Suu Kyi’s gov­ern­ment has also cat­e­gor­i­cal­ly reject­ed the juris­dic­tion of the International Criminal Court (ICC), which autho­rized full-fledged inves­ti­ga­tions into the alleged crimes ear­li­er this month, over Myanmar. Since Myanmar is not a state party to the Rome Statute (the found­ing char­ter of the ICC), Prosecutors at the Hague-based ICC are trying to indict Tatmadaw gen­er­als and other per­pe­tra­tors through Bangladesh, which is a state party.

Suu Kyi her­self has never said a word that, in any manner, con­tra­dicts the offi­cial posi­tion of the Tatmadaw on the Rohingya crisis, which is that it is bat­tling a ter­ror­ist upsurge in Rakhine state. The clos­est thing to a crit­i­cal state­ment that she has given on the matter so far is saying, at a World Economic Forum meet­ing in Hanoi, Vietnam in September 2018, that “with hind­sight, the sit­u­a­tion could have been han­dled better.” Evidently, the Lady sees the whole issue as a man­age­ment and public rela­tions crisis, rather than one that is essen­tial­ly polit­i­cal in nature.

Her latest deci­sion to appear at the ICJ must also be seen in the con­text of Myanmar’s domes­tic pol­i­tics, which stands at a crit­i­cal point at the moment.

First, Myanmar will have a gen­er­al elec­tion next year. Needless to say, Suu Kyi’s party, the National League for Democracy (NLD), is the prime con­tender. While it remains pop­u­lar amongst the major­i­ty Bamar con­stituen­cies, the NLD, which emerged from the heart of Myanmar’s pro-democ­ra­cy strug­gle, is fast losing trac­tion in other ethnic quar­ters. The results of last year’s by-elec­tion, in which the NLD lost sev­er­al of the seats that it ear­li­er held, was an indi­ca­tion of the party’s dip­ping for­tunes beyond the Bamar-dom­i­nat­ed blocs of cen­tral Myanmar. This could pose a chal­lenge for the NLD next year.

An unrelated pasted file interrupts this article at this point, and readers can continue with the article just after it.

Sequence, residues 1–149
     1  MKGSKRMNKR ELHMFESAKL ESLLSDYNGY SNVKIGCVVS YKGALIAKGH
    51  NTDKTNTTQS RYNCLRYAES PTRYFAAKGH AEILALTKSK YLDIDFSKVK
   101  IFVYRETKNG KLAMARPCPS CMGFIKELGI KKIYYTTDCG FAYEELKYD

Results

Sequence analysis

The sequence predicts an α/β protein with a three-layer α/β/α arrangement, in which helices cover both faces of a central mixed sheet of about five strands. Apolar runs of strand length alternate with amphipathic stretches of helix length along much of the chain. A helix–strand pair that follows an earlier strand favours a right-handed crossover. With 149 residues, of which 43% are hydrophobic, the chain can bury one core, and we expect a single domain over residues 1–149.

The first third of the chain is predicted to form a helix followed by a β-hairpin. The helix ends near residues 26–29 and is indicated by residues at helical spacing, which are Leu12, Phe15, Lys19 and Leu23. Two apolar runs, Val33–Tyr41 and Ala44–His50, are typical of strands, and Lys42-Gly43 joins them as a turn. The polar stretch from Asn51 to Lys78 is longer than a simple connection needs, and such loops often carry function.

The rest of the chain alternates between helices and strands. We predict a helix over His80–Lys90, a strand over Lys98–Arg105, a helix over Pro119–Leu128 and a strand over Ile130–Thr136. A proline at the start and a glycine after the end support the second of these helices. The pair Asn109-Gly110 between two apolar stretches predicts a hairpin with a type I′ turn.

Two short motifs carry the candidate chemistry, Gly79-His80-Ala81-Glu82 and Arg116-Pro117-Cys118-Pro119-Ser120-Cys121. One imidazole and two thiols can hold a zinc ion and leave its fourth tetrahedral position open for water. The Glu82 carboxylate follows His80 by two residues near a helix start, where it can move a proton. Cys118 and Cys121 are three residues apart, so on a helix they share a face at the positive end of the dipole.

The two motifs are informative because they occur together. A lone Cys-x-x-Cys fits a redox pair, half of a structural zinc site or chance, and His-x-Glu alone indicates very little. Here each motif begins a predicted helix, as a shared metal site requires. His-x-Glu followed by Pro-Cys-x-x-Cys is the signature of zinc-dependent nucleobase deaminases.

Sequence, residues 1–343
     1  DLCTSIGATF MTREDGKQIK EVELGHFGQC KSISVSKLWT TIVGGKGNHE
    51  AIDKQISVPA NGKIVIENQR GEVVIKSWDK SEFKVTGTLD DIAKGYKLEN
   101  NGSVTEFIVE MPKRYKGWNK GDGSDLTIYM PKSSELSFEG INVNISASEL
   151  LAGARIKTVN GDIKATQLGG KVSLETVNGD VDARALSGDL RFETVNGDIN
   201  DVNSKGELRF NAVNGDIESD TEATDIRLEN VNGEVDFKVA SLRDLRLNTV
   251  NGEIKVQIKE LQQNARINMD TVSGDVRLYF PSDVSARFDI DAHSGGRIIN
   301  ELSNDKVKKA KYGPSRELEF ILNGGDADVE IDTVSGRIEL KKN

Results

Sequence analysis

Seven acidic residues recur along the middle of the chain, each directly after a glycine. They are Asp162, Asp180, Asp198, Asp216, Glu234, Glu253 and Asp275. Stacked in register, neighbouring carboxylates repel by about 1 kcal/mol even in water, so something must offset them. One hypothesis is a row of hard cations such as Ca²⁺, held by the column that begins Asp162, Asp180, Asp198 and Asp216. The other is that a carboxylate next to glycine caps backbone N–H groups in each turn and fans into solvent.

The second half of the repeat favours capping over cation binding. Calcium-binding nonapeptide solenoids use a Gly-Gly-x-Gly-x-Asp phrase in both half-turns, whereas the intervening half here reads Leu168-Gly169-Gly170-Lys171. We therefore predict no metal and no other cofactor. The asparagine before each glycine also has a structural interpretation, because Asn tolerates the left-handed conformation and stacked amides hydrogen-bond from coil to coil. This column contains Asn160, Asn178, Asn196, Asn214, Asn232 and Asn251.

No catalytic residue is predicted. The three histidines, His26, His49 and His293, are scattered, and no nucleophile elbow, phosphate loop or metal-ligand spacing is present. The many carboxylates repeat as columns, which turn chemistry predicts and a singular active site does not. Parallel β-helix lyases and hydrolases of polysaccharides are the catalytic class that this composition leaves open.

In addi­tion, a con­flu­ence of other fac­tors has dented the party’s image even amongst its loyal con­stituen­cies. The NLD is bat­tered by the emer­gence of new polit­i­cal par­ties, slug­gish eco­nom­ic growth, the slow pace of the peace process, a spike in ethnic con­flict in north­ern and west­ern areas, a sharp rise in defama­tion cases against civil soci­ety mem­bers and jour­nal­ists, rising dis­con­tent against mega projects under China’s Belt and Road Initiative (BRI), sharp global rhetoric against the coun­try over the Rohingya crisis, fresh sanc­tions by the European Union (EU), and stunt­ed progress on ear­li­er cam­paign promis­es.

It is in this con­text that Suu Kyi’s deci­sion to appear at the ICJ must be seen. Defending Myanmar before a top inter­na­tion­al court could be an effec­tive image-cor­rec­tion exer­cise and could help offset any com­plaints that the NLD’s loyal sup­port­ers might have before they walk into the polling booth next year November. In fact, doing so could even reclaim lost voters, includ­ing from minor­i­ty ethnic blocs, and per­suade fence-sit­ters to vote for the NLD over others. Sure, it is a risky gamble, but one that the Lady is will­ing to take to secure not just her party’s elec­toral future, but also her own polit­i­cal ambi­tions. There is little doubt that she sees her­self as the right­ful heir to the legacy of her leg­endary father, General Aung San, and she wants to go down in Myanmar’s his­to­ry as a leader whose unflinch­ing patri­o­tism redeemed the coun­try when it mat­tered the most.